(Another way to view this is ...).
If you really intend that your visit should be for teaching, then
the elements of teaching must be in place. The students must prepare,
they must interact, they must study, they must demonstrate that they
have learned. In the early days of Brookhaven Laboratory, one of the
local schools exploited the fact that many parents worked at the Lab.
About half of the fifth and sixth grade science classes consisted of
week-long projects involving a lab visit. First, a father-or-mother-scientist
would visit the class after prior discussion with the teacher. There
would be a combination of show-and-tell and student activity, leading
to a question or problem for the students to read about and talk about.
Then there was a visit to a particular activity at the Lab (not a general
sight-seeing expedition!). The problem was further demonstrated or
explored, now with real world equipment. For the next few days after
the visit the class discussed what they had seen, made models, wrote
reports, and usually had a test. This many-faceted activity took more
effort on the part of everyone, but we thought that the students learned
more. They certainly worked harder. They also had more fun.
There's another stricture about missionary effort. You not only have
to know your gospel; you have to know the heathen. There is no need
for you to be familiar with the current and local fads of the students.
You are an outsider and they will not expect it. But you should be
aware of the more universal characteristics of children and their learning
possibilities. Consider how you would teach six-month children to walk.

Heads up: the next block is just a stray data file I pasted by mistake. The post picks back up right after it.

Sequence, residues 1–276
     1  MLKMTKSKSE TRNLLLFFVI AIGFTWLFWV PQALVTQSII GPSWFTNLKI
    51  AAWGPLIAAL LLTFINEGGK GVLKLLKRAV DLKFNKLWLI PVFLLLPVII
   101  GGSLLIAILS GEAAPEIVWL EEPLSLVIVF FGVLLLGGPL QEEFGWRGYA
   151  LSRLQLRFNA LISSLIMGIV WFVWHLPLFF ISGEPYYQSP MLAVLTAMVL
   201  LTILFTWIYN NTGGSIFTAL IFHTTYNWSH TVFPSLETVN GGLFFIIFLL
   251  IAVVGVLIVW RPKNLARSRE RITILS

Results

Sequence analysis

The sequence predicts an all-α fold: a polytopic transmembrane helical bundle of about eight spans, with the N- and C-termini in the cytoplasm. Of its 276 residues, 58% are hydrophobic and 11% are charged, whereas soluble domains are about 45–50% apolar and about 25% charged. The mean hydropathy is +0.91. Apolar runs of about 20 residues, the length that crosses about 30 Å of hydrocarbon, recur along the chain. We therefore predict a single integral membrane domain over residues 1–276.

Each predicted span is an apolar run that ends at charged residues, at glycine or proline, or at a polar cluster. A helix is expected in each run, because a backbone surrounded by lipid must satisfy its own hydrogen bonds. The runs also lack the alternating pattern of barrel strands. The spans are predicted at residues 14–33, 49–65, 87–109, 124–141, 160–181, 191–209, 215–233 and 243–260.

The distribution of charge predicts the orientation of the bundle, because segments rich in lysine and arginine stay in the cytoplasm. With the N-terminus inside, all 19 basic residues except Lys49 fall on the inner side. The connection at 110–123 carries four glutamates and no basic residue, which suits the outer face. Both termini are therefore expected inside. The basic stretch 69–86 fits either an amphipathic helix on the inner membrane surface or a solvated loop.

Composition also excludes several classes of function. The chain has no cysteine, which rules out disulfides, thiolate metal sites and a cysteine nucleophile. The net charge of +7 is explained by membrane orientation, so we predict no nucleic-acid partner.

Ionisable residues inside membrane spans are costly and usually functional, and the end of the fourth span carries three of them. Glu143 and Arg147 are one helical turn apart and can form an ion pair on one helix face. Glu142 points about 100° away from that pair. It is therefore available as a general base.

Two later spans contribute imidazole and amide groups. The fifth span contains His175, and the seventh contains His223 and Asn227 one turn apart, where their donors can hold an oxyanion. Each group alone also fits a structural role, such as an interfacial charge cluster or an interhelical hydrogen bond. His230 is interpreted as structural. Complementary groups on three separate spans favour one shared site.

You would not lecture, or demonstrate, or give multiple-choice exams.
Even beating the kids will do no good. The only thing to do is to let
them mull it over for six months and then they will walk. Even as there
are obvious developmental stages in physical abilities, so too are
there stages of concept development. The nature of these was explored
and described by Jean Piaget and they are known by his name, though
to a large extent they are part of the common wisdom of dealing with
children. A century and a half ago, Joseph Henry described the stages
and the implications for science instruction. For our purposes, the
most important stage involves the ability of students to use symbolic
reasoning, such as algebra. Our school culture assumes that students
develop this ability during early adolescence, but probably two-thirds
of a standard population cannot understand algebra by the time they
are eighteen. On the other hand, some of these may be very good at
hearing and producing complicat- ed music, or in artistic expression,
or in dealing with words. Nevertheless, for teaching our science lessons
we must be aware of these stages and the age groups with which we can
employ various logical methods. Most third graders cannot understand
analogies; most sixth graders have no sense of sizes (or historical
times) beyond their own tangible experiences; most ninth graders do
not understand functional dependence of one variable on another; most
twelfth graders cannot easily use power-of-ten notation. Of course,
I am not talking about your children or mine, all of whom are precocious.
So you have been elected? You are to be visiting scientist for an
hour. Find out what the teacher expects. Search your conscience and
decide what one thing you want to accomplish. Take the time to learn
about your audience. Get them out of their seats and let them measure
something. Tell them what one thing they have learned. Try to arrange
a follow-up, for you and for them. When you're all done, ask yourself:
did they learn anything? Did you learn anything? Did you and they have
fun? Be careful. Teaching can be addictive.
- Clifford Swartz is Professor of Physics at State University
of New York in Stony Brook, NY. He was awarded the Oersted Medal
in 1987, and he has served as editor of The Physics Teacher for